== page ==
OMG my mind is blown. Is that deep? Is it something I should understand? It is Friday and I`ve had way too many beers to play with me like that. You "tapped your fingers THIS way" ... WHAT WAY? I must know!
  13. Profile photo of Gerry1of1
    Gerry1of1 Male 50-59
    36648 posts
    December 20, 2013 at 8:46 pm

    WHAT!?!
  14. Profile photo of Angilion
    Angilion Male 40-49
    12387 posts
    December 20, 2013 at 10:13 pm
    The best use for magnets wheni t comes to transportation is having the train hover over the tracks this reduces the friction which requires a a substantially less amount of power to move and get up to speed.

    True...but the biggest power drains for a train are accelerating the mass of the train and overcoming air resistance at normal speeds. Maglev does absolutely nothing to reduce either, so the overall power savings aren`t much.

    The best argument for maglev is probably track maintainance costs. Since the train doesn`t even touch the track, there`s far less wear.

    The only problem is for this effect to be possible currently the magnets would have to be supercooled to support that much weight.

    No, they don`t. It depends on how you do the maglev - some versions work at normal temperatures.

    The biggest problem is probably the cost of building the tracks and trains.
  15. Profile photo of Gerry1of1
    Gerry1of1 Male 50-59
    36648 posts
    December 20, 2013 at 10:18 pm

    "Surely these forces could be used for propulsion"
    If only we could turn them on their sides and put an axel between the two wheel-like magnets.
  16. Profile photo of Draculya
    Draculya Male 40-49
    14620 posts
    December 21, 2013 at 1:22 am
    @Gerry1of1 A few years back I nearly lost the tips of 8 fingers in a magnetic chuck made out of Nd magnets a half inch thick and the size of a shoe box. There are procedures to follow and I didn`t. The entire 30lb vise lept off the bench and attached itself to the heavy metal plate I was holding. I hadn`t expected that. It felt like double fisting a meat grinder. You wouldn`t believe how thin you can crush fingertips and make a full recovery, or I`d be typing with two thumbs and stumps.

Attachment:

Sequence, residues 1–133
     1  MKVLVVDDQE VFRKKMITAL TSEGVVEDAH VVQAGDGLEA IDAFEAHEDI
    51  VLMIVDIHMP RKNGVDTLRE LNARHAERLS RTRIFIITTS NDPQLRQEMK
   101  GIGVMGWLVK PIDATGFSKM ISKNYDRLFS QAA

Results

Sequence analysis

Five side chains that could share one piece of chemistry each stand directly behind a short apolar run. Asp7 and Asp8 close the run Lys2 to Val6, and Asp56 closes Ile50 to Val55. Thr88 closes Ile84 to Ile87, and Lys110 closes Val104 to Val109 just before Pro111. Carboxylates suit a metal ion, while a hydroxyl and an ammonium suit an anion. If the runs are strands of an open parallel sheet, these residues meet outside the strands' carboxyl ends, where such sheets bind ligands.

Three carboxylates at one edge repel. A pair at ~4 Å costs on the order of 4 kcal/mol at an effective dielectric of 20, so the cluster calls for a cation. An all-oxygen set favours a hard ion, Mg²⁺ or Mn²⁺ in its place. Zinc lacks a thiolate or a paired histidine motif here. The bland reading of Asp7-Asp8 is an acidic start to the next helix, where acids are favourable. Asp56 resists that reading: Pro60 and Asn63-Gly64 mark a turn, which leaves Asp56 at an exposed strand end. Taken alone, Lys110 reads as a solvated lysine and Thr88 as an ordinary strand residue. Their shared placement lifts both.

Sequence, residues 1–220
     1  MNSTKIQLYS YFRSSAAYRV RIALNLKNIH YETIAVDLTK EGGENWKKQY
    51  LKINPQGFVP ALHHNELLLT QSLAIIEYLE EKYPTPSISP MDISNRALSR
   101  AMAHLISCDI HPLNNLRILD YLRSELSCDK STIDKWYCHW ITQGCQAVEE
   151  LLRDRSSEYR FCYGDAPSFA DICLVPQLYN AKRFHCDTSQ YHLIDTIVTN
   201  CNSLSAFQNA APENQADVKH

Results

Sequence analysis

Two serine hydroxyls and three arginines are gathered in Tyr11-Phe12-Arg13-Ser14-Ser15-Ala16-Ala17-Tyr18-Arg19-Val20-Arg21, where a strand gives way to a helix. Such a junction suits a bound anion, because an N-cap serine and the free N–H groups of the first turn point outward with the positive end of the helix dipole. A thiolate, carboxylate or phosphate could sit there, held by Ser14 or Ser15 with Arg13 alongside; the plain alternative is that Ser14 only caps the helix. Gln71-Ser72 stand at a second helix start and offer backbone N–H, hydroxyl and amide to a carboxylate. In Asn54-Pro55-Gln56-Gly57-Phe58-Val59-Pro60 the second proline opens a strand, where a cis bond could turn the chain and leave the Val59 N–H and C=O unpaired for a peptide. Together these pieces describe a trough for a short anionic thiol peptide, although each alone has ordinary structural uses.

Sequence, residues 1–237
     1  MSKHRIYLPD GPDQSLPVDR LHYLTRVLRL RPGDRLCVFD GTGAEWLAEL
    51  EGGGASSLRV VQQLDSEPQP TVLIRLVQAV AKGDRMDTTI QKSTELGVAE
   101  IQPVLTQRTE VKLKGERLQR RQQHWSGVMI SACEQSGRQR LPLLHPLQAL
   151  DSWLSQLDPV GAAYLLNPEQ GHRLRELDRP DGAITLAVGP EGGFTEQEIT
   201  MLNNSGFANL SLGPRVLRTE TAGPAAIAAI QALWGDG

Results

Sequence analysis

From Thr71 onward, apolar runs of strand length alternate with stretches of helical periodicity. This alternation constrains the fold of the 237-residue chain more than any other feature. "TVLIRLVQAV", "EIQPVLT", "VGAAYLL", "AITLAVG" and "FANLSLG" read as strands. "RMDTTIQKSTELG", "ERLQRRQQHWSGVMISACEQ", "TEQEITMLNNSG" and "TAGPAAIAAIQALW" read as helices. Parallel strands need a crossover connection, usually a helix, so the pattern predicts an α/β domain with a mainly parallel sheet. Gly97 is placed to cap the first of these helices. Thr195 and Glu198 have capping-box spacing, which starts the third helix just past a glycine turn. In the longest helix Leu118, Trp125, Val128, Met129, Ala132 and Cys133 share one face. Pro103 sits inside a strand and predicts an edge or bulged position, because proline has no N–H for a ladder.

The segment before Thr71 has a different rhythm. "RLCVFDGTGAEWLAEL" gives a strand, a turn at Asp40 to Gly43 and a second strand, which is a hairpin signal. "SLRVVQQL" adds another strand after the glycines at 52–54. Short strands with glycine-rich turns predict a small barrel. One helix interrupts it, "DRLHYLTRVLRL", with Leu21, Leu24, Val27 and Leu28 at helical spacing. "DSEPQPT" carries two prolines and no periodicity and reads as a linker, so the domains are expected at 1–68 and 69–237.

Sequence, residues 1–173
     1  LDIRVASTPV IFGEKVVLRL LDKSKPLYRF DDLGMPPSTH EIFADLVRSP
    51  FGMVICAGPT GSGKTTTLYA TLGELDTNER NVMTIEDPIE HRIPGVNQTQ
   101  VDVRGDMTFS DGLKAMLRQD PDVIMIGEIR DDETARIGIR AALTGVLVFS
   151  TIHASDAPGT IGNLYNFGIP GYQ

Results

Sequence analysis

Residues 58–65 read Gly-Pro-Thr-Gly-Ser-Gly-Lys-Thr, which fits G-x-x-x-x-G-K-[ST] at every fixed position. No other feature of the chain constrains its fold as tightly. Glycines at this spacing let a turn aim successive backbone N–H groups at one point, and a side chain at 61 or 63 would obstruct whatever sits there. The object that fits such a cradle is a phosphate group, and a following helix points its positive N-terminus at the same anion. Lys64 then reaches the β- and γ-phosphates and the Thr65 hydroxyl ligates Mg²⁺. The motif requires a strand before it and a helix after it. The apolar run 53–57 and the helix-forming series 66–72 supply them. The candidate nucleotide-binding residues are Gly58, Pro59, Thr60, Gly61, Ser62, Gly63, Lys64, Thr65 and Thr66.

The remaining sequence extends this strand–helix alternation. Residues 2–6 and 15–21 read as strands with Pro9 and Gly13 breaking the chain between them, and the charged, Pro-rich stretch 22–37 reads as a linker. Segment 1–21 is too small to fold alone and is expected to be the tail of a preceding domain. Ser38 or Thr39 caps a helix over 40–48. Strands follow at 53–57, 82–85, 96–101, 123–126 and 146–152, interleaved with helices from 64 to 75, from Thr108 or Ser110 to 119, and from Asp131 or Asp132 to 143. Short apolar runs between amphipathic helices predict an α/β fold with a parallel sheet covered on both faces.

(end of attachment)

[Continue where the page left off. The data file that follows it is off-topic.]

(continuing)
17. Profile photo of Nickel2
    Nickel2 Male 50-59
    5879 posts
    December 21, 2013 at 4:04 am
    The force is strong with this... etc.
    Hard-drives contain strong magnets. If you allow those to collide, they shatter and send out very sharp fragments at great speed that cut into your skin. That was quite enough for me, respect the magnets, they are not toys!
  18. Profile photo of bacon_pie
    bacon_pie Male 30-39
    3061 posts
    December 21, 2013 at 6:17 am

  19. Profile photo of SmagBoy1
    SmagBoy1 Male 40-49
    4432 posts
    December 21, 2013 at 8:19 am
    Angilion, why do you say that maglev doesn`t reduce the amount of power required to accelerate the train`s mass? If the friction coefficient is drastically reduced, doesn`t that directly reduce the amount of power required to accelerate? I`m not disagreeing, I`m genuinely asking.
  20. Profile photo of Tiredofnicks
    Tiredofnicks Male 30-39
    5097 posts
    December 21, 2013 at 10:58 am